I-95, NJ—Baltimore resident Gary Drake, 53, endured a six-hour bus ride from Baltimore to Atlantic City Tuesday, drawn by the prospect of feeding coins into a slot machine at a dimly lit casino.
"Man, my back is killing me," Drake said, shifting in his window seat near the back of an eastbound Coastal Tours bus. "Maybe I'm getting a little old for this. Well, just a few more hours, and I'll be sitting in front of the slots in a nice cool casino. When I get there, no one better be in my favorite spot, right next to the cashiers."
Drake boarded the bus at 2:30 p.m., expecting to arrive at the Oasis Casino at approximately 7. However, a semi truck carrying lumber jackknifed during rush hour, causing a substantial traffic slowdown.
After lodging his coat between his lower back and his seat, Drake practiced for his night of recreational gambling on a handheld electronic poker machine. When the batteries on his machine died, Drake looked over the shoulder of the bus rider in front of him, who was playing a handheld electronic blackjack game.
"I got the casino figured out," Drake said. "If I don't win at a machine in the first 15 minutes, I know that slot is cold, so I move to another one. But if I do hit, I know that one's hot, so I'll sit there for eight, nine hours, until I need to get back to the bus again. Or until I run out of money. Oh, and I always use a warm coin."
The slot machines Drake will play generally have a payback rate of about 90 percent, meaning he has a 1-in-10 chance of breaking even if, on the off chance he does win, he stops gambling.
Approximately three hours outside of Atlantic City, the air conditioning system on the bus stopped working. Although Drake was irritated by the climate change, as were the many toddlers on the bus, he remained focused on his journey's end.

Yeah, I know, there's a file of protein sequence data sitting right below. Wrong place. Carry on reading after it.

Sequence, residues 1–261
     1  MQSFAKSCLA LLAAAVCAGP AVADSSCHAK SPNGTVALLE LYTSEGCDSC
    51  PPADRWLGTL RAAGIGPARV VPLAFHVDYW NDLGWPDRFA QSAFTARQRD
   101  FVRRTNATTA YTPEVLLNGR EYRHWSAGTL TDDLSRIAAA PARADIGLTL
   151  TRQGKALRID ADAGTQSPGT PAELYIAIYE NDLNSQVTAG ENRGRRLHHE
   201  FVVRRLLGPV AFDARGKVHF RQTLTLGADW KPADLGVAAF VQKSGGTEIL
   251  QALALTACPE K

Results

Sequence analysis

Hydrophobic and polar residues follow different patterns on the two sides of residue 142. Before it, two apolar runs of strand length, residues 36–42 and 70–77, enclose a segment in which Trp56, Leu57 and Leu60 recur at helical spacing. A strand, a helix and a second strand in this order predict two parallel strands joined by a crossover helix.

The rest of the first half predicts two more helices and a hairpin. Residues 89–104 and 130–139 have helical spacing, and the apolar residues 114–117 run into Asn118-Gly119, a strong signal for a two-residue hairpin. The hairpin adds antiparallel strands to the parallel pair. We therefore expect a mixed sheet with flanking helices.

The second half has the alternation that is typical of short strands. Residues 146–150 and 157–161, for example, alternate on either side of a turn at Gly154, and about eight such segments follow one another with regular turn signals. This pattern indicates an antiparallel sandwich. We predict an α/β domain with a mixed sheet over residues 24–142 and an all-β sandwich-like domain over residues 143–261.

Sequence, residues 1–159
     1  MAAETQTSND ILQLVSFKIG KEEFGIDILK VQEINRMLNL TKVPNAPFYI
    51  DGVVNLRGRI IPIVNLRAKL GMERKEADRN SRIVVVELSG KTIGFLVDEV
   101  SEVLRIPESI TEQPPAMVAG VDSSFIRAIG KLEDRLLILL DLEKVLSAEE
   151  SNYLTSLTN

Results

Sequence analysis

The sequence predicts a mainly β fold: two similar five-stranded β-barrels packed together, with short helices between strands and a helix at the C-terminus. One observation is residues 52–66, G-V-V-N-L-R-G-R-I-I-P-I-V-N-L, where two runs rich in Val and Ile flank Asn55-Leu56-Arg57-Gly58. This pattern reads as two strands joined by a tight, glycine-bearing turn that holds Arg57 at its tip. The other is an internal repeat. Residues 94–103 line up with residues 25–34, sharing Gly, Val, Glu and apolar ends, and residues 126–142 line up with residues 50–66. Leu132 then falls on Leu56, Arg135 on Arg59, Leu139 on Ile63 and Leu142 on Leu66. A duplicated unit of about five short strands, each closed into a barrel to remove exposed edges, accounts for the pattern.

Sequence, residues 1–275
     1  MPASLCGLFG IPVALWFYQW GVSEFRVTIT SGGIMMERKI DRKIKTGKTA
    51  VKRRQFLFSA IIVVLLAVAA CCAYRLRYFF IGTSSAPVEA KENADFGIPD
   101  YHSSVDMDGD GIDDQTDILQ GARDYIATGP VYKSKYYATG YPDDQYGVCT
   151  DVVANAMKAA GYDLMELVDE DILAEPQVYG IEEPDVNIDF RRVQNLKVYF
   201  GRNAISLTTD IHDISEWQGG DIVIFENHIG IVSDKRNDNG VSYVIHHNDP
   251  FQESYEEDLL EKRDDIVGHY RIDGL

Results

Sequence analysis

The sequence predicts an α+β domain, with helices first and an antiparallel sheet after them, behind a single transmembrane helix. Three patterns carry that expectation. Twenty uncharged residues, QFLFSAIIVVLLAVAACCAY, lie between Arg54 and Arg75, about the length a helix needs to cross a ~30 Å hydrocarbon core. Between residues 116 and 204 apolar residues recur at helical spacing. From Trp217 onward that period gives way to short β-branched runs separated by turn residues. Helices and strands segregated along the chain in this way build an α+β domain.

"When I get there, I gotta warm up first," Drake said. "I've got a whole routine. First, I play the nickel slots, like that American Bandstand one. Once I got my mojo working, I move up to the quarter slots, or maybe even the dollar slots if I feel like I'm on fire. Never stay on the nickel slots, though. Those are for grannies. You're wasting your time on those."
"Some guys like racing motorcycles," he added. "Me, I get that same thrill from watching the wheels go around on the slots."
When the bus pulled into a gas station outside of Wilmington, DE to pick up 11 waiting passengers, many riders disembarked to use the restrooms. At this time, Drake purchased nachos, a lemonade-flavored soda, and a hot dog with relish. Returning to the bus with 30 seconds to spare, he balanced the two grease-soaked plates on his knees and ate his meal.
"I wish they had women to bring you drinks on this bus, like they do at the casino," Drake joked, lifting his soda from the garbage-covered bus floor and taking a sip. "They don't make you pay nothing for them, and some of the younger women look real fine in those skirts."
Drake has taken the bus to Atlantic City at least 20 times, he told a man with a yellow-stained bandage over one eye.
"One time, I won $800 at a slot machine with my last dollar," Drake said. "That must've been about 1988, 'cause I remember that my second wife Denise was with me."
Added Drake: "I can't stand sitting around the house all the time. I love the nightlife."
The bus was scheduled to arrive in time for passengers to catch one of four performances by Sax Appeal, a keyboard-and-sax duo that plays the Oasis lounge every Tuesday night.
About 45 miles from its destination, the bus pulled into a rest stop to admit six more people, including one on crutches who sat down next to Drake and promptly removed a paper-bag-covered bottle from her jacket.
"When I'm gambling, I always drink the hard stuff," Drake told her. "You have to get up too much when you drink beer. One time, I had to go to the bathroom, and when I came back, someone had won $15 at my machine. If I'm feeling lucky, I hate to rise from my stool until I have to get back on the bus in the morning."
With that statement, Drake climbed over his seat-mate's duffel bags, lurched to the back of the bus, and opened the bathroom door, releasing a pungent draft of chemicals and stale urine throughout the bus.
Upon his return, Drake was in good spirits.
"Do you feel that?" he said, as the tangle of overpass highways and low-slung budget hotels on the outskirts of Atlantic City came into view. "I get that feeling every time I see the lights. It's electric. In a few minutes, I'll be off this bus. After I walk the half-mile over to the Oasis, I'm gonna win big-time! Then those guys from the electric company can kiss my ass when I roll back into Baltimore and hand them my check."